Adaptability is key.
The days when a car aficionado could repair his or her own car are long past, due primarily to the high software content.
Perhaps the single most dramatic example of this phenomenon of software eating a traditional business is the suicide of Borders and corresponding rise of Amazon.
Nokia and Research in Motion needed a modern operating system. They could have bought Palm or Android before Google did, but they didn't. Today, it's probably too late, and at the time they would have been criticized for overpaying, but as they say - shift happens.
In 2000, when my partner Ben Horowitz was CEO of the first cloud computing company, Loudcloud, the cost of a customer running a basic Internet application was approximately $150,000 a month.
If the Net becomes the center of the universe, which is what seems to be happening, then the dizzying array of machines that will be plugged into it will virtually guarantee that the specifics of which chip and which operating system you've got will be irrelevant.
When I started Netscape I was brand new out of college and all the aspects of building a business, like balance sheets and hiring people, were new to me.
China should be another United States from an economic standpoint. Beijing should be another Silicon Valley.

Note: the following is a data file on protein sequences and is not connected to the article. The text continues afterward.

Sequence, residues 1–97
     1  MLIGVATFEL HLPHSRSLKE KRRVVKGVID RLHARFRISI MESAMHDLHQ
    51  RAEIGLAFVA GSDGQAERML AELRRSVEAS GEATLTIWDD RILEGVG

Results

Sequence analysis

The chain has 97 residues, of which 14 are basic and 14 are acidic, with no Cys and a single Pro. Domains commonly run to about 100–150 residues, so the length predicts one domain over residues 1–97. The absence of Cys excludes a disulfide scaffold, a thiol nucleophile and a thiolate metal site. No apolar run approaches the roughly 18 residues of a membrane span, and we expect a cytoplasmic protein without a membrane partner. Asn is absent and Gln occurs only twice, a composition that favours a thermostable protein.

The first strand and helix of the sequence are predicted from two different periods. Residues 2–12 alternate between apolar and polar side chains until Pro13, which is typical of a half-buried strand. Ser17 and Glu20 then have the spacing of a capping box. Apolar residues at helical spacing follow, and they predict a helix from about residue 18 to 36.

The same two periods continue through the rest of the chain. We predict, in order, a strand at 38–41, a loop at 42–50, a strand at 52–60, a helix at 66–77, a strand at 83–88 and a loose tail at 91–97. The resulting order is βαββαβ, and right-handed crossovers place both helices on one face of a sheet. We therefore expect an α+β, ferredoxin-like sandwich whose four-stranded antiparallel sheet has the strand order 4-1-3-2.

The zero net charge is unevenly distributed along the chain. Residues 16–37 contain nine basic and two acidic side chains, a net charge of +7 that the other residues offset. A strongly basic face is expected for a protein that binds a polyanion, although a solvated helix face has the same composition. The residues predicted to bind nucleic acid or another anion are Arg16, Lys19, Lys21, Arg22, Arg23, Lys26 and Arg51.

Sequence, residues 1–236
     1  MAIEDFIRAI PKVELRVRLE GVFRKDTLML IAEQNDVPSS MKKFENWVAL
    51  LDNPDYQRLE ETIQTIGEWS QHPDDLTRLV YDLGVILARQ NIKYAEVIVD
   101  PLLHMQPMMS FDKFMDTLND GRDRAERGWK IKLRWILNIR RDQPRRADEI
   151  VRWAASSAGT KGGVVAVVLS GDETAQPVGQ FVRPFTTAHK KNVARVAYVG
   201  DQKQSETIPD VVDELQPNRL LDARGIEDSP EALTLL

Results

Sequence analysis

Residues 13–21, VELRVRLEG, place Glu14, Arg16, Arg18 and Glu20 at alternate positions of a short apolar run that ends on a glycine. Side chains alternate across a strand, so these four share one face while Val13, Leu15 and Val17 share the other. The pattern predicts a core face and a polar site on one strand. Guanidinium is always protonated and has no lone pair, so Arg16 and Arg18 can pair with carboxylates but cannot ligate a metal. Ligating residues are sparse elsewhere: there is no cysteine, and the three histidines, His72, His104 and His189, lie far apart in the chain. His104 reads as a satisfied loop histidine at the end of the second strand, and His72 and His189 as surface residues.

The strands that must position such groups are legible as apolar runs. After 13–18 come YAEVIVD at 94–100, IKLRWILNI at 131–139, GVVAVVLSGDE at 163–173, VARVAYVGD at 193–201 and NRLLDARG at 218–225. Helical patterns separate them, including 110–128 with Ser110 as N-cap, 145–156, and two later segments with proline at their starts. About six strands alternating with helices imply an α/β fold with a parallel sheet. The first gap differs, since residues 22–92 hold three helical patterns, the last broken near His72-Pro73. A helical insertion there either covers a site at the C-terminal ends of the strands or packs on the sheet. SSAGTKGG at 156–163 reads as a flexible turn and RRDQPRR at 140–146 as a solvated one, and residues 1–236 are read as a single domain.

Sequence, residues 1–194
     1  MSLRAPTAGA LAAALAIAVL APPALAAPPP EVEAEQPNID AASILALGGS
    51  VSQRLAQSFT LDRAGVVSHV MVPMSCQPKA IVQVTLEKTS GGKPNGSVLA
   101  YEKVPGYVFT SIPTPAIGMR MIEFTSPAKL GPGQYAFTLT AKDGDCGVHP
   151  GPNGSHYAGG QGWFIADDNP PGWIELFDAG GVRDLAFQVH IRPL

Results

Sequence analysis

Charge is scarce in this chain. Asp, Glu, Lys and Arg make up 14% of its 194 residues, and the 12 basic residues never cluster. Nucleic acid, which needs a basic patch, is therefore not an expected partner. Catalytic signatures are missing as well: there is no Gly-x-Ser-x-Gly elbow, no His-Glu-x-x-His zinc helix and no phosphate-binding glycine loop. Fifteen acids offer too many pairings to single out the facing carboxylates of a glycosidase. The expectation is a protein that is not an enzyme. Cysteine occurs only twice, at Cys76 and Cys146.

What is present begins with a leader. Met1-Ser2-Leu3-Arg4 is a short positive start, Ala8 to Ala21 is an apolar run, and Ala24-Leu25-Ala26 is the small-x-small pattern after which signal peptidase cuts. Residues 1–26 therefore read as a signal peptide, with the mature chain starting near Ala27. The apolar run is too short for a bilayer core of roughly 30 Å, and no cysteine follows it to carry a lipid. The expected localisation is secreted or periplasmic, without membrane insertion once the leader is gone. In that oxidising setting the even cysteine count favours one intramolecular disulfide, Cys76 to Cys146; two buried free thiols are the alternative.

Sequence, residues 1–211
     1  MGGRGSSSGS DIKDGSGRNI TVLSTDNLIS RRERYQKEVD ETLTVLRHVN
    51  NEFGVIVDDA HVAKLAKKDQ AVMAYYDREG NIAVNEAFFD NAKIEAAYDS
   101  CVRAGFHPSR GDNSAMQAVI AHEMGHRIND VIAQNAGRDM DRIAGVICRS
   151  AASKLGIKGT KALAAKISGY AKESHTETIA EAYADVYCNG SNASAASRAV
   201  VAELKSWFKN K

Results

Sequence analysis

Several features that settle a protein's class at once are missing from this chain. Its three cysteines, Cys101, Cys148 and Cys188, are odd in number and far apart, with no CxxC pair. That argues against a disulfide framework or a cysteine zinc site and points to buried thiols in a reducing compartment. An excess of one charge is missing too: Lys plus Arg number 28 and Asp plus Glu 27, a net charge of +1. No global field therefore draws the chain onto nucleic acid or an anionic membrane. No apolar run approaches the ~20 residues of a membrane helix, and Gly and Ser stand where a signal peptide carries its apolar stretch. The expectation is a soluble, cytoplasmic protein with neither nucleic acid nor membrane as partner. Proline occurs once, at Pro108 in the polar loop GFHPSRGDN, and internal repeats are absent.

I don't waste time being depressed.
First of all, every new company today is being built in the face of massive economic headwinds, making the challenge far greater than it was in the relatively benign '90s.
Working for a big company is, I believe, much risker than it looks.
Practically everyone is going to have a general purpose computer in their pocket, it's so easy to underestimate that, that has got to be the really, really big one.
These days, you have the option of staying home, blogging in your underwear, and not having your words mangled. I think I like the direction things are headed.
Where I grew up, we had the three TV networks, maybe two radio stations, no cable TV. We still had a long-distance party line in our neighborhood, so you could listen to all your neighbors' phone calls. We had a very small public library, and the nearest bookstore was an hour away.
Over two billion people now use the broadband Internet, up from perhaps 50 million a decade ago, when I was at Netscape, the company I co-founded.
Once you understand that everybody's going to get connected, a lot of things follow from that. If everybody gets the Internet, they end up with a browser, so they look at web pages - but they can also leave comments, create web pages. They can even host their own server! So not only is everybody consuming, they can also produce.
No one should expect building a new high-growth, software-powered company in an established industry to be easy. It's brutally difficult.
I'm quite bullish. We're coming up on year 15 of a flat stock market. Historically that's a pretty good sign. So I'm not a hedge-fund manager but if I was I think I'd be feeling pretty good.
I am bullish on the global development. I am bullish on billions of people getting out of poverty.
Newspapers with declining circulations can complain all they want about their readers and even say they have no taste. But you will still go out of business over time. A newspaper is not a public trust - it has a business model that either works or it doesn't.